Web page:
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Indonesia's antigraft body keeps pressure on energy ministry
Publication Date : 24-06-2014
Indonesia's Corruption Eradication Commission (KPK) announced on Monday it had officially launched a fresh investigation of the alleged corruption at the Energy and Mineral Resources Ministry, which is headed by senior Democratic Party politician Jero Wacik.
Prior to Monday’s announcement, the antigraft body had already investigated three separate graft cases plaguing the ministry as well as the House of Representatives’ Commission VII on energy and natural mineral resources, which oversees the ministry.
The three graft cases involved the alleged rigging of a number of state projects at the ministry, which implicated the ministry’s former secretary-general, Waryono Karno; allegations of bribery implicating former Upstream Oil and Gas Regulatory Special Task Force (SKKMigas) head Rudi Rubiandini, and an alleged payoff from the ministry to House Commission VII, which implicated its chairman and Democratic Party politician Sutan Bathoegana.
KPK spokesman Johan Budi declined to give details about the new probe, saying only that the graft case would be “larger” than the other cases.
“We decided to launch the preliminary investigation after collecting strong evidence from the previous graft cases, which indicated further corruption had taken place at the ministry,” Johan said on Monday.
Although his office has been rocked by several graft scandals, Jero remains a witness in a number of cases handled by the KPK. He has been questioned twice by the KPK in relation to the three graft cases.
Johan was quick, however, to deny speculation that the fresh investigation would implicate Jero.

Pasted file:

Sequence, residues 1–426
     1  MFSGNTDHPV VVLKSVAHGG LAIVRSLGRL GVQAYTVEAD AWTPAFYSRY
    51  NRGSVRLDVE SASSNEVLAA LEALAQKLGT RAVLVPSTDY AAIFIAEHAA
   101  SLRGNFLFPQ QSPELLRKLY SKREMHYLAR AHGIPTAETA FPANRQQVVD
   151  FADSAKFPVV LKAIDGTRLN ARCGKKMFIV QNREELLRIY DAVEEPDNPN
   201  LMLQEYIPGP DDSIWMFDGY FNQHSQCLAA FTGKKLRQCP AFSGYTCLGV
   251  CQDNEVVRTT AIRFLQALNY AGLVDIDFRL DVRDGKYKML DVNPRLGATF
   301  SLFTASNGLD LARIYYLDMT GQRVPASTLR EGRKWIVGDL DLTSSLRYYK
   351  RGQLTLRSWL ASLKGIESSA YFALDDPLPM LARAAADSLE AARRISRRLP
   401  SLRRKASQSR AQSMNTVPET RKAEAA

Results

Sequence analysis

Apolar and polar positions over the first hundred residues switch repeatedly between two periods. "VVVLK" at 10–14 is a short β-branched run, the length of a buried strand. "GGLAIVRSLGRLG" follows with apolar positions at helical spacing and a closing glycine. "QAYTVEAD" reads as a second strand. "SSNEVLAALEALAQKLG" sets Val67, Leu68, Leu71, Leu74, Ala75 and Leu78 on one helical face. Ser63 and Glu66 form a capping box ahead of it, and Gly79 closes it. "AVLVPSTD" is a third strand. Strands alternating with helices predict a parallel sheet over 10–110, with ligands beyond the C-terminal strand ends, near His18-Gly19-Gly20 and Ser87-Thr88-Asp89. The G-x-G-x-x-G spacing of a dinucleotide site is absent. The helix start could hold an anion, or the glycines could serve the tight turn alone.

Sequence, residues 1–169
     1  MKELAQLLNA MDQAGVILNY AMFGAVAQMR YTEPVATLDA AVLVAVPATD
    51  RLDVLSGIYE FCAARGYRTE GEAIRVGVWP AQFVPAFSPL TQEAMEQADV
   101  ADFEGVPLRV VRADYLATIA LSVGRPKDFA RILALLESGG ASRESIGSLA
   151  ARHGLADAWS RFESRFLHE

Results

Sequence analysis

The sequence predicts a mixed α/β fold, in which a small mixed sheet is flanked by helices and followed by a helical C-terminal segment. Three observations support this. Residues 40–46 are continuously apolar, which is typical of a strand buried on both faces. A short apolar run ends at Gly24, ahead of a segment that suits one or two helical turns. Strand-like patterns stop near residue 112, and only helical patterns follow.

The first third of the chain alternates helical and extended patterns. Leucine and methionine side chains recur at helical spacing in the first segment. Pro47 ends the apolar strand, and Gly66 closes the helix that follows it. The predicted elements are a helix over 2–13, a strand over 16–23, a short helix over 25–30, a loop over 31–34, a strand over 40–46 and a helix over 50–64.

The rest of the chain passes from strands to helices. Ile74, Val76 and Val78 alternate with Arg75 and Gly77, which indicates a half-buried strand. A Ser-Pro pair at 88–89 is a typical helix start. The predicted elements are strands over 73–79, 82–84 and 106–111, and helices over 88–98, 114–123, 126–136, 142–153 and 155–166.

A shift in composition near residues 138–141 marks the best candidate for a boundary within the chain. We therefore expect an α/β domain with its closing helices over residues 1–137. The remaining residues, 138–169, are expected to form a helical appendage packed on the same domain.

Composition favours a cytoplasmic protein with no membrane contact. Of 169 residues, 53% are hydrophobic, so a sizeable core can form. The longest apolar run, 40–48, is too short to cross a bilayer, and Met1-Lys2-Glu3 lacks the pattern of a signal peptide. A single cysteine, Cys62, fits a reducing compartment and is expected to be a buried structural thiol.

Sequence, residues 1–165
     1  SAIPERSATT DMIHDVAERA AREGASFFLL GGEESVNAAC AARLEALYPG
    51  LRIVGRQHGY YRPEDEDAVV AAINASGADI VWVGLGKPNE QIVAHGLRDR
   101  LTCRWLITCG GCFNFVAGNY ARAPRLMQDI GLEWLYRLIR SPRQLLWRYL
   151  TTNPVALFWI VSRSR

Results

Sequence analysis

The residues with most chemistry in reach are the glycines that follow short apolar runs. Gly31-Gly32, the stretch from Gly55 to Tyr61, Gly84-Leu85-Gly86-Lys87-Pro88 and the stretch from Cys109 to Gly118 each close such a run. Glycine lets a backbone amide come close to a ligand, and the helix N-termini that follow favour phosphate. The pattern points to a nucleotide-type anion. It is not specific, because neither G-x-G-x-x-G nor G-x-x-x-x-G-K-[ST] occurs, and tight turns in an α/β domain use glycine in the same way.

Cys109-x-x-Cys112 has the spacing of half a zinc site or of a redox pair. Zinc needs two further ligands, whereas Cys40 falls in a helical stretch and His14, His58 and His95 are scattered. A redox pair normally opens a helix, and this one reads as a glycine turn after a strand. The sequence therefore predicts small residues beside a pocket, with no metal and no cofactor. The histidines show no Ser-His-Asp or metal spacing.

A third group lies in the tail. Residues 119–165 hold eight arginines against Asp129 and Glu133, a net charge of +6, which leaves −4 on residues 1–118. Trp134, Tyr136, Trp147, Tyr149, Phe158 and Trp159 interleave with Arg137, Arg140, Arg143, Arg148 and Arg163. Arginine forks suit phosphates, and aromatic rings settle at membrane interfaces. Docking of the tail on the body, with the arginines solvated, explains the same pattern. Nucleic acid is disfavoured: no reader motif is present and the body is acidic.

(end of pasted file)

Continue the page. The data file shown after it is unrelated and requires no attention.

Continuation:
On Monday, the KPK questioned Waryono as a witness in the probe.
The corruption allegations against the ministry were first raised during the trial of the SKKMigas’ Rudi, who was sentenced to seven years’ imprisonment in April for accepting millions of dollars in bribes from several oil and gas companies.
Rudi admitted to accepting the bribes, explaining that demands had been made for money in exchange for the smooth operation of SKKMigas by the latter’s “stakeholders”, in other words the Energy and Natural Resources Ministry and House Commission VII.
In the KPK’s investigative documentation on Rudi, a copy of which was obtained by The Jakarta Post, president director of state energy company PT Pertamina, Karen Agustiawan, who was questioned as a witness in Rudi’s case, told investigators that Rudi once phoned her to say that Jero and he had agreed that SKKMigas would provide US$150,000 to help ease the deliberation of the ministry’s budget at the House, while another $150,000 would be provided by Pertamina, whose operation comes under the supervision of Jero’s office.